In his essay “Arquitectura del cante jondo,” the great Spanish poet Federico García Lorca defines the cante jondo against the flamenco of his time by saying:
“El cante jondo es un canto teñido por el color misterioso de las primeras edades de cultura; el cante flamenco es un canto relativamente moderno donde se nota la seguridad rítmica de la música construida. Color spiritual y color local: he aquí la honda diferencia…El cante jondo se acerca al trino del pájaro, al canto del gallo y a las músicas naturales del chopo y la ola…Es, pues, un rarísmo ejemplar de canto primitivo, de lo más viejo de Europa, donde la ruina histórica y el fragment lírico comido por la arena aparecen vivos como en la primera mañana de su vida” (García Lorca, 214)*.
(The deep song is a song tinged with the mysterious color of the culture’s first ages; the song in flamenco is a relatively modern song where one can note the rhythmic security of structured music. Spiritual color and local color: here lies a great difference…The deep song approaches the bird’s trill, or the rooster’s crow as well as the natural music of the poplar and the ocean wave…It is, then, a rare example of primitive song, of the oldest in Europe, where the historical ruin and lyrical fragment eaten away at by sand appear alive as on the first morning of its life) (translation: José Angel Araguz)
By naming his new collection Canto Hondo/Deep Song, Francisco X. Alarcón sets up the book’s spirit to be in the same vein as that of Lorca’s own “Poema del cante jondo.” Where Lorca celebrated the energy and mystery of his Andalusian influences, Alarcón’s new book evokes and celebrates the deep song of the Chicana/o literature, from its Pre-Cortesian roots to its politically fraught present.
Alarcón uses a minimalist style throughout the book to conduct his own fight against the “rhythmic security of structured music.” As the following examples show, he is able to keep close to images as well as concept within this style:
LOS OJOS EYES
heridas con wounds
las puntadas with open
NARANJA DEL DESEO ORANGE OF DESIRE
no hay nada there’s nothing
como comer like nibbling
a mordiscos an orange
en Granada in Granada
una naranja in the forbidden
en el jardín orchard
prohibido of the Sultan’s
de la Sultana main wife
While the image and brevity of the first poem are similar in spirit to haiku, the clipped nature of the second evokes William Carlos Williams’ own staggered lyric. The enjambed logic of both these poems gives an idea of the particular flavor of Alarcón’s poetics. In his hands, the deep song is ever personal, as alive and intimate as a nerve or a gasp.
These moves between image, insight, and form are to be found throughout the collection, including in the longer title piece “Canto Hondo/Deep Song.” This particular poem’s epigraph states that it is “after the passage of so many legal measures against undocumented workers – mostly Mexican and Central Americans – throughout the United States.” This declaration is followed by questions:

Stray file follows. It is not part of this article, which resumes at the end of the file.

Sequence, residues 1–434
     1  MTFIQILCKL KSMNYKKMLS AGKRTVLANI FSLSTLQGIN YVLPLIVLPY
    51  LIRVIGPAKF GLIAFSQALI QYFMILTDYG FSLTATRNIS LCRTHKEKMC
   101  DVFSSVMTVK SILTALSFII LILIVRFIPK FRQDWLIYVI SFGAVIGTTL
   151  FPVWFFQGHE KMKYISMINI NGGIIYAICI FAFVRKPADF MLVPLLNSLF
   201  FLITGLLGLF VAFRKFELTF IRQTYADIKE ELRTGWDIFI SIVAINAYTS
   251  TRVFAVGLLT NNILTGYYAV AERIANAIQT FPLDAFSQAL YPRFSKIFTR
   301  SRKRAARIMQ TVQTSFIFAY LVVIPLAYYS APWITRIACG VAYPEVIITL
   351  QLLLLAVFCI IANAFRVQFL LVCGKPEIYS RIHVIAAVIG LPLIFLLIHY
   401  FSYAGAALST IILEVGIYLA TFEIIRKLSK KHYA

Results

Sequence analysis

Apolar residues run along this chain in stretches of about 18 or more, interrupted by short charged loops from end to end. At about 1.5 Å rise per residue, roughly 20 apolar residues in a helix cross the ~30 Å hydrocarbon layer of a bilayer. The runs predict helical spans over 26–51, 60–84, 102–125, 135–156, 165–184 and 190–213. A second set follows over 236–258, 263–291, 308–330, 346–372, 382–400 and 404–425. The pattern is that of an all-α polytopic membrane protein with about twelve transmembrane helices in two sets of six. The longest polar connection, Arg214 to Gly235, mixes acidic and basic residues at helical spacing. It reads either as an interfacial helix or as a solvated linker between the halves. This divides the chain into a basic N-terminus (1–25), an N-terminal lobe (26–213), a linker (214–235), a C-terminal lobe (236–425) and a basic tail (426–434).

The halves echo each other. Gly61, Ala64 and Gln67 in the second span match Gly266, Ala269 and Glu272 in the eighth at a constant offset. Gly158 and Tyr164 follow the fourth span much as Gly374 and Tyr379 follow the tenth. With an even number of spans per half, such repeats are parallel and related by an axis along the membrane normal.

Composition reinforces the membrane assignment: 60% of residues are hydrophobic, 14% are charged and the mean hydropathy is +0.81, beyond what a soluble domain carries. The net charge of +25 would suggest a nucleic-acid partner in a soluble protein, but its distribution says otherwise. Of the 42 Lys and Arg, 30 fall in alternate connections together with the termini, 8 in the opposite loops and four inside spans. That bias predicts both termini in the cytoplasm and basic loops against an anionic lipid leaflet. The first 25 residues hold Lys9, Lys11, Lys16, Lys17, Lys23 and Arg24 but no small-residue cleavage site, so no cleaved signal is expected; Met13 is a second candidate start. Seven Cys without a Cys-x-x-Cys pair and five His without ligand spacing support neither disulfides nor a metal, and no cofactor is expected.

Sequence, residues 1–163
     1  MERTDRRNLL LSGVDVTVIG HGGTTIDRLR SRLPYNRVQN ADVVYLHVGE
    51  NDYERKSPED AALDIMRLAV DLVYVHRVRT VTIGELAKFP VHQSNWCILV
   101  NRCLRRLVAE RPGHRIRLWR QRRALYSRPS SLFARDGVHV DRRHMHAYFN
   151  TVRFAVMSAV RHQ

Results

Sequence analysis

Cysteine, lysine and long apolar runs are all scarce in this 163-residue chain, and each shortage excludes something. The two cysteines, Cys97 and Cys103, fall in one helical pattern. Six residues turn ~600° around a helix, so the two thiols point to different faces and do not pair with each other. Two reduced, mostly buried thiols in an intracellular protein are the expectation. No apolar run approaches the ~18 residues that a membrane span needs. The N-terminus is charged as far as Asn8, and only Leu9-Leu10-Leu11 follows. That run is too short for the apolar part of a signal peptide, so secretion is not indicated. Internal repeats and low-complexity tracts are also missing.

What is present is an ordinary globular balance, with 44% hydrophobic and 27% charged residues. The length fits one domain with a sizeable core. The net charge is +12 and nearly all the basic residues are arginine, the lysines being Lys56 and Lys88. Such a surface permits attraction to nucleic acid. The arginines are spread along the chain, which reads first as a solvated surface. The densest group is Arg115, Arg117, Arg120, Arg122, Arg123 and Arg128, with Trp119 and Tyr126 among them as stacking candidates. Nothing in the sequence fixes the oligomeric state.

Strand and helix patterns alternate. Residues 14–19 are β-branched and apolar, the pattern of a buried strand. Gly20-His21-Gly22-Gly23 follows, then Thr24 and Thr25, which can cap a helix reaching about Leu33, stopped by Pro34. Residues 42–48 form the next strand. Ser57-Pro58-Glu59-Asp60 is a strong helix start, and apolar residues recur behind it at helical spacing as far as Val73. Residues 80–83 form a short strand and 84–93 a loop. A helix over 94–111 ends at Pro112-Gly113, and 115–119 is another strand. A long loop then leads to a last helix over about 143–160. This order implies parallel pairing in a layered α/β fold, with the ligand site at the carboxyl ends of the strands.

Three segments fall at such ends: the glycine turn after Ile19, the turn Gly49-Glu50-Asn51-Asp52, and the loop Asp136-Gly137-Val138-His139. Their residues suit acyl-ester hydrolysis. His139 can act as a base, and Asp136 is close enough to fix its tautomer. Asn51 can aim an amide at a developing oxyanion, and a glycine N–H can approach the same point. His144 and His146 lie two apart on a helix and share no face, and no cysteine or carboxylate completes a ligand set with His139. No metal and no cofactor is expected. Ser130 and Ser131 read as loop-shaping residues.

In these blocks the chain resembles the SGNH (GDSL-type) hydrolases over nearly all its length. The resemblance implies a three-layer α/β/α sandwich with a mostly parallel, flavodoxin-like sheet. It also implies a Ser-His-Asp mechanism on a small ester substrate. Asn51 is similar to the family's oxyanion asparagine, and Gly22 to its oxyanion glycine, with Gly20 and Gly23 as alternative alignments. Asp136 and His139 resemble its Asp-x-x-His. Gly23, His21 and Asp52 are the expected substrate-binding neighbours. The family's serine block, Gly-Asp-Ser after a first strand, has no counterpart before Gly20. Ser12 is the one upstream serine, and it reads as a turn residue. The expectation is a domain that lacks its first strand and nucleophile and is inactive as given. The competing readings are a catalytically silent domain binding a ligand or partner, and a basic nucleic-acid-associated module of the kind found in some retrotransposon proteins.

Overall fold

¿por qué why do
me escupes you spit
la cara? in my face?
¿qué papeles does the Sun
tiene need any
el sol? papers?
¿qué crimen does having
cometen hoy dreams now
los sueños? become a crime?
These questions, which move from insult to a rhetoric composed of image and implication, make clear not only the stakes of Alarcón’s deep song but also the powers available to the poet to fight for and keep alive what he names at the poem’s end as “this struggle//for life/burning/in my heart.” By naming the struggles of others, Alarcón is able to document the undocumented and give voice to grievances similar to the way Pablo Neruda does in his Canto General. Neruda comes to mind not only in the political nature of the poem but also in the rawness and surrealistic reach of the images.
As evidenced through both the content of these examples as well as the textual set up of the collection with poems set in both Spanish and English, Alarcón’s deep song is grounded within a Chicana/o sensibility, with an ear for its music and an eye for its issues. Poems about family are mixed in with those on braceros and César Chávez. By positing itself in Chicana/o histories, these lyrics fight against being “eaten away” by time and help to keep Chicana/o poetry, ideals, and culture “alive as on the first morning of its life.”
(*García Lorca, Federico. Poesia Completa. Ed. Miguel García-Posada. New York: Vintage Español, 2012. Print.)
Buy it from The University of Arizona Press: $17.95.
José Angel Araguz is a CantoMundo fellow and winner of Rhino Poetry’s 2015 Editor’s Prize. He has had poems recently in Prairie Schooner, Borderlands, and The Laurel Review. He is pursuing a PhD in Creative Writing and Literature at the University of Cincinnati. Author of Reasons (not) to Dance, a chapbook of microcuento style short prose, he runs the poetry blog The Friday Influence.